a guide plate secured to each end of said at least one inking bar, each of said guide plates having a guide depression cooperating with said end of said at least one inking bar to form a guide slot;
a thin ink dividing plate slideably carried in each of said guide slots, each of said ink dividing plates having a curved front surface having a thickness of between 0.03 mm and 0.3 mm and being adapted to engage the peripheral surface of the ink fountain roller, each said thin ink dividing plate being generally planar and being disposed in said guide slot generally perpendicular to the axis of rotation of the ink fountain roller, each said ink dividing plate further having a rear surface extending beyond rear surfaces of said inking bar and said guide plate; and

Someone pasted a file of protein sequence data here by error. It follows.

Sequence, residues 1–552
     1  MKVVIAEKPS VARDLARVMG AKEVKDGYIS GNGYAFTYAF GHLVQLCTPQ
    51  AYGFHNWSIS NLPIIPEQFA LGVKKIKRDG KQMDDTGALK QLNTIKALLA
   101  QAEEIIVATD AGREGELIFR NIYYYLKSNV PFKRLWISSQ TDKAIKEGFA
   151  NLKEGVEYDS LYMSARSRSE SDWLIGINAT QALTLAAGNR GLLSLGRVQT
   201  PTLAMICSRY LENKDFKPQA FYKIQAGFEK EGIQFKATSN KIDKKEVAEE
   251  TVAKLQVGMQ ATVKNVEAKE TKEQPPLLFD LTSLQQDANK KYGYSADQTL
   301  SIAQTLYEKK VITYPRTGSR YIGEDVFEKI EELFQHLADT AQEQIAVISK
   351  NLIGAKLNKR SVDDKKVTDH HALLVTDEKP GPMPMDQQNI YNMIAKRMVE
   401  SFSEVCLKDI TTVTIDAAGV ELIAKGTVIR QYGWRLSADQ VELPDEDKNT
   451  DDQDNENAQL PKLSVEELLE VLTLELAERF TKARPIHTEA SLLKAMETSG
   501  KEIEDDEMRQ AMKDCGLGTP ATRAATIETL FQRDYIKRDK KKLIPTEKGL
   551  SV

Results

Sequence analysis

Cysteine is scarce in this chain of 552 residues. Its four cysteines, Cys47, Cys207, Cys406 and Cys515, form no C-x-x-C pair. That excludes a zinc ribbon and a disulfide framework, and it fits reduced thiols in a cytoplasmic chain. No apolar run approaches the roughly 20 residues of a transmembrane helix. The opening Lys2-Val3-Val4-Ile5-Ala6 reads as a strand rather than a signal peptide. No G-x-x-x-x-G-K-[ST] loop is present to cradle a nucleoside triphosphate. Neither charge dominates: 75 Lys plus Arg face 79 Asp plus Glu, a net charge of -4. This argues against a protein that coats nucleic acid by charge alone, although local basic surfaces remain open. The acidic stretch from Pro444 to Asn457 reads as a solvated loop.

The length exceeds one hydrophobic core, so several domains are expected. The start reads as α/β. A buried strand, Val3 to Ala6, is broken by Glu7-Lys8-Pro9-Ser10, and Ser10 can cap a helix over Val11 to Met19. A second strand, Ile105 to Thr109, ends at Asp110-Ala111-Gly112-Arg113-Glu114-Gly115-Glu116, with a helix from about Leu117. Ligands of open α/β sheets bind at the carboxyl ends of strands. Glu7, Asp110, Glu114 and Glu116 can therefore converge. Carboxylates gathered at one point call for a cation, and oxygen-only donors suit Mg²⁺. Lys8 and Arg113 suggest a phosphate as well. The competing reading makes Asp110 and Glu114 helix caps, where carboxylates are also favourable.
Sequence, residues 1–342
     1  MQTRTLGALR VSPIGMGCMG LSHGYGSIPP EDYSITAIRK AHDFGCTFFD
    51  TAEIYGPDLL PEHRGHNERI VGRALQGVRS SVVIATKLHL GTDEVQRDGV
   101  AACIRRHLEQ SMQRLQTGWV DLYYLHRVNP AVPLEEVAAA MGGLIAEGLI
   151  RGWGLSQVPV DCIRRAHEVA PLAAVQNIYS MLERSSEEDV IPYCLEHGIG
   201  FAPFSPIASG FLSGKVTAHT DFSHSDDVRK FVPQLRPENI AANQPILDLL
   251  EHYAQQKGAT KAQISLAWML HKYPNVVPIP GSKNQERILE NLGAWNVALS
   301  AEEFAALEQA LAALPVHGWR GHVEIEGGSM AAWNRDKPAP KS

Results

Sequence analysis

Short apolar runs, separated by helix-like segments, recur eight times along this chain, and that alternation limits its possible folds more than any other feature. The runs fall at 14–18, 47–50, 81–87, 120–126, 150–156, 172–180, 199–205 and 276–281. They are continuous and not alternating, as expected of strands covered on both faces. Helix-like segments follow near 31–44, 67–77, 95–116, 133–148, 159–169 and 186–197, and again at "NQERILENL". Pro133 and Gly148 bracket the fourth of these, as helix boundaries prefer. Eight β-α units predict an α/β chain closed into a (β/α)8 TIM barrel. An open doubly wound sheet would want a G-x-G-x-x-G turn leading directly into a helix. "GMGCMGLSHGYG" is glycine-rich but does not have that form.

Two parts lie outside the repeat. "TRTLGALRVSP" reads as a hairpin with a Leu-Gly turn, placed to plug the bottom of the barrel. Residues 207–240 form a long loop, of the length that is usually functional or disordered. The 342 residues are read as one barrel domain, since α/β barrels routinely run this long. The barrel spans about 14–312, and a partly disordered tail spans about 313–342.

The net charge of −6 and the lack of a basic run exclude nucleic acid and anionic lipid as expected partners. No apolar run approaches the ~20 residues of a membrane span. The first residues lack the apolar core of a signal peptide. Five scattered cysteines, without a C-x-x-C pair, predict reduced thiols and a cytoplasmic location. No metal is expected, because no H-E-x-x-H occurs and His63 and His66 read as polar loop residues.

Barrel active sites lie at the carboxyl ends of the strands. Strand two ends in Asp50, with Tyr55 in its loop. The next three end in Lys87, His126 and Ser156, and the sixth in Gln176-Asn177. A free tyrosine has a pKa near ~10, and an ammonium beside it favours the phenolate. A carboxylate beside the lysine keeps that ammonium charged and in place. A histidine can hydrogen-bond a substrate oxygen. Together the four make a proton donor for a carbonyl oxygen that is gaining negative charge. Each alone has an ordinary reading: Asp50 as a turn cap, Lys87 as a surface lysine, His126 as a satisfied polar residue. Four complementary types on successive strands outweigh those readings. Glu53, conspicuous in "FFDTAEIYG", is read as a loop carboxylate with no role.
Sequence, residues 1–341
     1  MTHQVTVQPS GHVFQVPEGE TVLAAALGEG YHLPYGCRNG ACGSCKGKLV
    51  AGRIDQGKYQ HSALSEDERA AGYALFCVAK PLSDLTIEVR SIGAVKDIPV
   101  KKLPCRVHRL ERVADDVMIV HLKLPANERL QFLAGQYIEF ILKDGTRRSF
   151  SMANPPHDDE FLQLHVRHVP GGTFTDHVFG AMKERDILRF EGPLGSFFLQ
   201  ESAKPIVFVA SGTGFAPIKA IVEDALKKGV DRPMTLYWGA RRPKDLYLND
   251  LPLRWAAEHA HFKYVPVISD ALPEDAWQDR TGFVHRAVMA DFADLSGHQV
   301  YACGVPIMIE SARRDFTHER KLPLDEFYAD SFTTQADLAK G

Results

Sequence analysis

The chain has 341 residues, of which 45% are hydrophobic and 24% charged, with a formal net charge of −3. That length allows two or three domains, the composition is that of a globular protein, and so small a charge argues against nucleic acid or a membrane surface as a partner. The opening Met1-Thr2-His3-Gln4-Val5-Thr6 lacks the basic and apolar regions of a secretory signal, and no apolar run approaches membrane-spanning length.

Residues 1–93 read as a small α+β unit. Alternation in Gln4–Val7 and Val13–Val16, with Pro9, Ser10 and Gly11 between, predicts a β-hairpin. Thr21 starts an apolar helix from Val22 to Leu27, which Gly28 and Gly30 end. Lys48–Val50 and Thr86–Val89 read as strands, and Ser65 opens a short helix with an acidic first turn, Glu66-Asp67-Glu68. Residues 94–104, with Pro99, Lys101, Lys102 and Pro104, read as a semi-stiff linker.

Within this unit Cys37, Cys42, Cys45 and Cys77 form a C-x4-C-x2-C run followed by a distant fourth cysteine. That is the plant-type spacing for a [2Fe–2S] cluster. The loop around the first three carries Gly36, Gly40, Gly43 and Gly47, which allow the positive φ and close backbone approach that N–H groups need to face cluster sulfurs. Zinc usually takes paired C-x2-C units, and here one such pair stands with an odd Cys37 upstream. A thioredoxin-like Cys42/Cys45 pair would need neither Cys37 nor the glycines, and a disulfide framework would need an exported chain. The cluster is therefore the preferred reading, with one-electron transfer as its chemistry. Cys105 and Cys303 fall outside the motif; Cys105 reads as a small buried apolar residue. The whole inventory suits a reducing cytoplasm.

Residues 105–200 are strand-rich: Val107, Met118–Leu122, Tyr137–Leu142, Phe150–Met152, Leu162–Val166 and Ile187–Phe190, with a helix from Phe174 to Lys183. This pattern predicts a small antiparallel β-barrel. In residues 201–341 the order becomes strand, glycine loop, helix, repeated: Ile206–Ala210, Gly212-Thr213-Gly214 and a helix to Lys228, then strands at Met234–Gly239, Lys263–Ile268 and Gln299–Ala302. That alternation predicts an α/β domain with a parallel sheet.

at least first and second leaf springs attached at first ends to said rear surface of said inking bar generally adjacent each said guide slot and having second, free ends contacting said rear surface of each said thin ink dividing plate to bias each said thin ink dividing plate against the ink fountain roller, each said ink dividing plate dividing the ink fountain roller into a plurality of ink conveying areas.
2. The ink dividing assembly of claim 1 wherein each said ink dividing plate is made of a hard steel sheet.
3. The ink dividing assembly of claim 1 wherein the ink fountain roller is a screen-type roller.
Description
FIELD OF THE INVENTION